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Human Rights Law in Immigration & British Nationality

Human Rights Laws | UK Immigration Laws and British Nationality Laws

The Human Rights Laws will be impacted as we move out of EU and the UK Government will soon decide to create the “British Bill of Rights”. The aim is to move away from EU Courts to provide governance to the UK’s domestic laws and policies. It is further created to begin a new chapter for the UK. 

The European Convention on Human Rights (ECHR) has defined, and deals with, a number of basic rights that are guaranteed to every individual - irrespective of their race, religion, nationality or membership of a particular social group - who resides within the countries belonging to the Council of Europe (There are 46 member countries including the 26 member states of the European Union).

The ECHR provides a list of fundamental human rights and each of them is enshrined in separate Articles in section 1 of the ECHR, whilst the other sections deal with the establishment of the European Court of Human Rights and other miscellaneous provisions.

Interplay between UK Immigration Laws, British Nationality Laws & Human Rights Law

In most immigration applications, consideration of right to family and private life forms part of all decisions. Article 8 ECHR broadly defines the right to private and family life of every person living within the borders of the Council of Europe countries and is relevant to all immigration decisions taken by the public authorities of the member states.

Further to this, human rights grounds can be also given consideration when you apply under the British Nationality Act. In most cases, you will be using Article 8 ECHR as part of your legal defence.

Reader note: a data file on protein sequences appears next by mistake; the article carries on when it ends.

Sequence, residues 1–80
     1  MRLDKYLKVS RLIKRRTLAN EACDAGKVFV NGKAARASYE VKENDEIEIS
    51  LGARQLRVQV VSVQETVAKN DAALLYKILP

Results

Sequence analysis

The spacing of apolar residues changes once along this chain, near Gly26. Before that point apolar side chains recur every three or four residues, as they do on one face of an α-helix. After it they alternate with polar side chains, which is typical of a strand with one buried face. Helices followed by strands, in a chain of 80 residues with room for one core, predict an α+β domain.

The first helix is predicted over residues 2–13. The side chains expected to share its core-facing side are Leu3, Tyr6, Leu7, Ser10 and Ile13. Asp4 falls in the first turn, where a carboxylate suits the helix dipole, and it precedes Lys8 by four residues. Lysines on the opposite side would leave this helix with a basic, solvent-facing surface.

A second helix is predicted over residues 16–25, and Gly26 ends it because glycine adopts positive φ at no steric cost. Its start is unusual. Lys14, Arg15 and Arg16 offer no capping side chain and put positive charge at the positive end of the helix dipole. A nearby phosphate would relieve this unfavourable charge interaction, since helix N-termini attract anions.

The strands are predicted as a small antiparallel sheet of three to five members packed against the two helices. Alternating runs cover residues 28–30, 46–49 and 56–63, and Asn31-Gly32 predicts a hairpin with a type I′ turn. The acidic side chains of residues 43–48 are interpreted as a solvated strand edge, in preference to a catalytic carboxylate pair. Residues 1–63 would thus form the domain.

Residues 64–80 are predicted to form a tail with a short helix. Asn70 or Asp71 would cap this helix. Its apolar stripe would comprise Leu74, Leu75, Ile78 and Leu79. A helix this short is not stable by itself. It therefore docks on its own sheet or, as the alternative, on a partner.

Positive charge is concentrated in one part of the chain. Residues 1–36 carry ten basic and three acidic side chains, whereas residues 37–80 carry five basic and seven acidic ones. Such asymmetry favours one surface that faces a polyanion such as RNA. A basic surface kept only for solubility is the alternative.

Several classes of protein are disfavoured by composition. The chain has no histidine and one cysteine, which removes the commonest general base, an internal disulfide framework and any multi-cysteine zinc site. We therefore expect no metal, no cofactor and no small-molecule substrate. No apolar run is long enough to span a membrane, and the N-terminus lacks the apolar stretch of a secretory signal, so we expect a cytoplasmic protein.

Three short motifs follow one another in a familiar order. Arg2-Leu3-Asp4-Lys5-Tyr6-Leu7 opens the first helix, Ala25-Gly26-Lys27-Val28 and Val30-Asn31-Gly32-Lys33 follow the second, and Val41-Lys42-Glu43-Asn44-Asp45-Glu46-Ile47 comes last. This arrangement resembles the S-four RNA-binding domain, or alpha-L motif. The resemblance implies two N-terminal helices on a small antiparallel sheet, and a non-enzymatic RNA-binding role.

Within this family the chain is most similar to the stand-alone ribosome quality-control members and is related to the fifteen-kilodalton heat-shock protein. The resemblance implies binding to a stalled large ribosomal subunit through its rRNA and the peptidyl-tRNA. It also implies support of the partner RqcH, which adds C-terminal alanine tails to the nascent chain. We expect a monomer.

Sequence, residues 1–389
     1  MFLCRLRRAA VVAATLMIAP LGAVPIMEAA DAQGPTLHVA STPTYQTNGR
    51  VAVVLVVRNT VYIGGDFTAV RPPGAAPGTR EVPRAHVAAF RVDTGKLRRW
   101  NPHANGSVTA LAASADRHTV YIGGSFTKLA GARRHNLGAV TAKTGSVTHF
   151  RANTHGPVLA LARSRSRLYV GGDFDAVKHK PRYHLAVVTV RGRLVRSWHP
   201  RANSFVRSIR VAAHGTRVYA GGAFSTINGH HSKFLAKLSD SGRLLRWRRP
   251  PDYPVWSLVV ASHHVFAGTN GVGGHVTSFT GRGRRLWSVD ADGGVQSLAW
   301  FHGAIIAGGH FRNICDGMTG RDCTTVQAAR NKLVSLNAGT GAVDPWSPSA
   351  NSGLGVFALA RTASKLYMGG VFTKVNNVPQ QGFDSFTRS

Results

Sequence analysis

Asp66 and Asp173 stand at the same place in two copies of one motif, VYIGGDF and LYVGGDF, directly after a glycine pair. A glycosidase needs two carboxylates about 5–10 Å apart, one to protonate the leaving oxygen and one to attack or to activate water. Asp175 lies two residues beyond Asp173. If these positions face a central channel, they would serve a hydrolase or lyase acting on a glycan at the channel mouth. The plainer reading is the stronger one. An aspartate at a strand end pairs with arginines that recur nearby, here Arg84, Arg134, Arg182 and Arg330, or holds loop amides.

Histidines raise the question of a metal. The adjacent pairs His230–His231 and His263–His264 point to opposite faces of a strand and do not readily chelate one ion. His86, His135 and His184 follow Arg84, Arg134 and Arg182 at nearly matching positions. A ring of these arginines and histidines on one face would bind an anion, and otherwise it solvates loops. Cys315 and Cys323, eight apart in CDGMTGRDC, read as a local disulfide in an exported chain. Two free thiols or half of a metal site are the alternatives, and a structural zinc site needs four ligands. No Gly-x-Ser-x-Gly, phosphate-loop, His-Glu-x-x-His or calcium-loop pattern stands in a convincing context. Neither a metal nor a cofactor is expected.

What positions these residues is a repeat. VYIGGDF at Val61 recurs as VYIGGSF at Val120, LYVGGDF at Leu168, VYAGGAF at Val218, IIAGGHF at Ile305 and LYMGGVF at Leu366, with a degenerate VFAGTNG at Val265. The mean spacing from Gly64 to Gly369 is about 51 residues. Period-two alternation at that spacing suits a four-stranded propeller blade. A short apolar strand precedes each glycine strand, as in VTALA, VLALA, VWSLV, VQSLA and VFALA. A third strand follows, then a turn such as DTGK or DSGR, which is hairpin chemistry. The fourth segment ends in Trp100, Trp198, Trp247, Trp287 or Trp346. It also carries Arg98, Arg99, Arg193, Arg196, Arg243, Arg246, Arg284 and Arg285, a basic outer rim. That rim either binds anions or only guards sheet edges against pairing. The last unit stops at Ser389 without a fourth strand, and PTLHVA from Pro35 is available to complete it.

Application under Human Rights Laws 

Majority applications which consider the human rights policies are under Appendix FM and Part 7 of the Immigration Rules. However in all immigration application must consider the use of human rights policies, to ensure that all decisions are made fairly and correctly. 

Public interest arguments

The Immigration Act 2014 created a new provision labelled as the public interest arguments and forms part of all decisions made by the Home Office, The Tribunals and the Courts. 

Discussion on the British Bill of Rights 

Brexit have forced the UK Government to re-think the use of the Human Rights laws. Following this, the UK Government have appointed a joint committee to do a fact finding mission and present those findings for a debate, with the aim to create the Bill of Rights. 

The Joint Committee on Human Rights is appointed by the House of Lords and the House of Commons to consider matters relating to human rights in the United Kingdom (but excluding consideration of individual cases); proposals for remedial orders, draft remedial orders and remedial orders. The Joint Committee has a maximum of six Members appointed by each House, of whom the quorum for any formal proceedings is two from each House.

The purpose of the joint committee work was to consider evidences from a range of witnesses about whether there is a need for a Bill of Rights, who the Bill of Rights should cover, what the Bill should include, whether it should incorporate social and economic rights, how a Bill of Rights would fit in with and affect the relationship between Parliament, the executive and the courts, whether the Bill should refer to responsibilities, and how Government should consult the public about a future Bill. 

Taking legal advice on the application of the Human Rights laws

In most immigration applications, the use of Human Rights laws forms part of the decision made by the Home Office.  

We at ICS Legal will provide guidance and correct advice on which route to apply under Human Rights laws and we find this is essential when considering to apply on this basis to remain in the UK. You can speak to one of our UK Immigration Lawyers on 0207 237 3388 or you can email us at info@icslegal.com
 

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